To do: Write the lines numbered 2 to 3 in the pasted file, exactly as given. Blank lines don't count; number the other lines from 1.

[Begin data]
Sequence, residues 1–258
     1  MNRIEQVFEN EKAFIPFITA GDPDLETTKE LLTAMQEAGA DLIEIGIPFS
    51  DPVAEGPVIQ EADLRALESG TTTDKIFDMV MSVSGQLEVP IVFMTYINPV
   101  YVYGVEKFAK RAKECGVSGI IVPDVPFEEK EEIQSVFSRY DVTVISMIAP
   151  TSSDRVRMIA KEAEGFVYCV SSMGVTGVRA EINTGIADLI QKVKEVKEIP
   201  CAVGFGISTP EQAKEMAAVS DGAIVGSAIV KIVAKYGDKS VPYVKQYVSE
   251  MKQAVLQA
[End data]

     1  MNRIEQVFEN EKAFIPFITA GDPDLETTKE LLTAMQEAGA DLIEIGIPFS
    51  DPVAEGPVIQ EADLRALESG TTTDKIFDMV MSVSGQLEVP IVFMTYINPV